That’s about the time Fuzzy passed me and Betty Jo the water-balloon launchers he’d made. Only thing different was they contained a dye that would take a week to wash off, in red, which seemed fitting. We launched the dozens of balloons at our disposal. In truth, we couldn’t miss the mass that had collected at the bottom of the hill, all rolling around, hollering and wiping mud.
We couldn’t help it. The three of us burst into laughter, held hands, and kind of danced around like little kids for a while. Then Betty Jo turned to me, slipped my mask up and her bandana down, threw her arms around my neck…and then she kissed me…
I’d like to think that kiss would have gone on forever, except for Fuzzy breaking us apart, saying it was time to leave. He was already lighting the wick of the smoke bomb. And as he tossed it, and just before the smoke billowed, Betty Jo faced the crowd and let out in a scream, “Outlaws! Whoohoo! Outlaws! Whoohoo!” while she pumped her fist in the air. And you know something? People in the crowd started echoing those same words back.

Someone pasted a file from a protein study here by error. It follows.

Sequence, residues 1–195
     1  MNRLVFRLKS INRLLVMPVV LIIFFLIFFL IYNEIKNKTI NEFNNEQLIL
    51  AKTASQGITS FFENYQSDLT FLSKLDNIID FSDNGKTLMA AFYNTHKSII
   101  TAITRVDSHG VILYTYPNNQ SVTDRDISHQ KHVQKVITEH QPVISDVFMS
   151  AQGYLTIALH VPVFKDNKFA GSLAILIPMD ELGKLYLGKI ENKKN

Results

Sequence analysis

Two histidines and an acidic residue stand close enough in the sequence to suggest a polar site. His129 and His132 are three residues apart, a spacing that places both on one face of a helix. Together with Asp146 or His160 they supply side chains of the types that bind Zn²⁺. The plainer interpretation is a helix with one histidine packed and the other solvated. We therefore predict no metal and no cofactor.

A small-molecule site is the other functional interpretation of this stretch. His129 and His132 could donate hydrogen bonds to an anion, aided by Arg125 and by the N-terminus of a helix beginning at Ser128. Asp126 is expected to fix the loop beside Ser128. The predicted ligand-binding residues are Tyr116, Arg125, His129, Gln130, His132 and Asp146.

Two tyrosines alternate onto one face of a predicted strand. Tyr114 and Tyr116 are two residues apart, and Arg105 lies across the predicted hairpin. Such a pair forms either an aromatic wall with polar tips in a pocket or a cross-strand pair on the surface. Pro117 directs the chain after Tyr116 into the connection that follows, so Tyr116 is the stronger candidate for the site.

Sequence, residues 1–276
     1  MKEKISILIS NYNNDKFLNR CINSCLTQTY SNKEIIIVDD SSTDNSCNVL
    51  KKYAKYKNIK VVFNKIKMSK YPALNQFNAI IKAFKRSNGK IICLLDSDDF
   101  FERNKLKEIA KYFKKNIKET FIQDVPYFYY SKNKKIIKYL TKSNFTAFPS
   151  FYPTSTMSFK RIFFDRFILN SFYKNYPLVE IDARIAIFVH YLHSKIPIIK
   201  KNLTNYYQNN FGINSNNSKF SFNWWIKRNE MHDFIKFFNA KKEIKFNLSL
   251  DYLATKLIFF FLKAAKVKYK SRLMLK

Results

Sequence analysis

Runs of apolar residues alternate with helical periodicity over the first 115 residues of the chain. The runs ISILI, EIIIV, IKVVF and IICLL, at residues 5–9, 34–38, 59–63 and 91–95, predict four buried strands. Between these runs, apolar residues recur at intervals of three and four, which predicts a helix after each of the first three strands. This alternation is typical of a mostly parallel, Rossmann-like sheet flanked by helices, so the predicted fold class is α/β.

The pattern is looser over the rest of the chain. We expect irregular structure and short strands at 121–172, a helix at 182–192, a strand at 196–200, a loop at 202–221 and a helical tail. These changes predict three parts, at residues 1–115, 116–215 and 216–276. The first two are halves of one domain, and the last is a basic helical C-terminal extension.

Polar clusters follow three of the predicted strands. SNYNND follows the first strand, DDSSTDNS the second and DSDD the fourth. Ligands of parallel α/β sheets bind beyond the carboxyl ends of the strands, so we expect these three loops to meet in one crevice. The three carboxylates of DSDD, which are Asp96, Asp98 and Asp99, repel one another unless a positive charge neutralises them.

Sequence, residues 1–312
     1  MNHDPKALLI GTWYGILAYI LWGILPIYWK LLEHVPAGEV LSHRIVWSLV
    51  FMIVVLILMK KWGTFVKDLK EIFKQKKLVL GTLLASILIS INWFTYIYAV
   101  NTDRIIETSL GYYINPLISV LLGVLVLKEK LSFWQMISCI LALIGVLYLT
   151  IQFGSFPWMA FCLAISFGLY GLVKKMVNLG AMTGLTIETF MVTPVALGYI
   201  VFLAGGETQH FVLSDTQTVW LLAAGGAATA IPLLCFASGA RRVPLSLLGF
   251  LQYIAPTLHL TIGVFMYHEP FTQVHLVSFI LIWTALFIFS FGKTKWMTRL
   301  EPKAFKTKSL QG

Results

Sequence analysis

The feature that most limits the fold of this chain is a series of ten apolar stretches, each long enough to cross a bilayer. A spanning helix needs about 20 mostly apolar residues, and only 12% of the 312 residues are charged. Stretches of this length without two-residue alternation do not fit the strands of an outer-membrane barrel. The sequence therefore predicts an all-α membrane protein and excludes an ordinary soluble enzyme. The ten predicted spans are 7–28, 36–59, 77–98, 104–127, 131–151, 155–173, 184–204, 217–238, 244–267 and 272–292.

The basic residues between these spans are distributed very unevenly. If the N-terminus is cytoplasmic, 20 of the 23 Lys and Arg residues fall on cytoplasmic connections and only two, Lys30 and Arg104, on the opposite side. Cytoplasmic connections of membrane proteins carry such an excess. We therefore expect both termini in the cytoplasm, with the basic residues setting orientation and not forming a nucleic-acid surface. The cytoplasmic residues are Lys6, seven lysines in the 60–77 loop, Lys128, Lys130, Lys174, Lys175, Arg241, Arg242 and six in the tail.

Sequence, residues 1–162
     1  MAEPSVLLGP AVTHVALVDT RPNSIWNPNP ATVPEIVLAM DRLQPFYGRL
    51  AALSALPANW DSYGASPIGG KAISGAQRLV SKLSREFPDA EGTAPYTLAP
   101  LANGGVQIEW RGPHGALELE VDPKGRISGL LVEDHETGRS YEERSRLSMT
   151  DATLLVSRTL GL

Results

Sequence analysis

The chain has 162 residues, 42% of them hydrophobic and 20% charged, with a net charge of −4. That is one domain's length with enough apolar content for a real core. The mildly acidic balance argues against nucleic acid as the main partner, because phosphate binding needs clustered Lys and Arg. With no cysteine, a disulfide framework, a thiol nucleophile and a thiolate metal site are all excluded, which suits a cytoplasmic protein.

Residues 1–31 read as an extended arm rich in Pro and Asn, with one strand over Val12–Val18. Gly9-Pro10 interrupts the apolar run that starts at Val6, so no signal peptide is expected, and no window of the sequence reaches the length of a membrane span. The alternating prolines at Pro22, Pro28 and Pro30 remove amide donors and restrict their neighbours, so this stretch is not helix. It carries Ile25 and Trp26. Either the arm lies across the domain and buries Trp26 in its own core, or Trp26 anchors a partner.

Well, I’d better wrap up this story. Anyway, after we grabbed our stuff and headed off the hill, down the only track that wasn’t mud covered, we followed Dugan’s Creek for a while before we stopped to change. Fuzzy and I took off our outer costumes leaving us as a Hobo and Pirate. Betty Jo, already warned by Fuzzy, slipped on her Red Riding Hood costume. Then we raced all the way around the feed store to join up with the crowd. I’ll tell you, Ms. Brown, it was quite something to see as the football team made their way to their cars, hands and faces muddy and dyed red, looking sorry as hogs to market. We couldn’t keep the smiles off our faces as we mingled with the other kids. But I guess the best part was the look Jug gave me as he pushed his way through. I don’t think it was just the fact and Betty Jo and I were holding hands. It was a look that also included surprise. Like, if it wasn’t me up on the hill, who was it?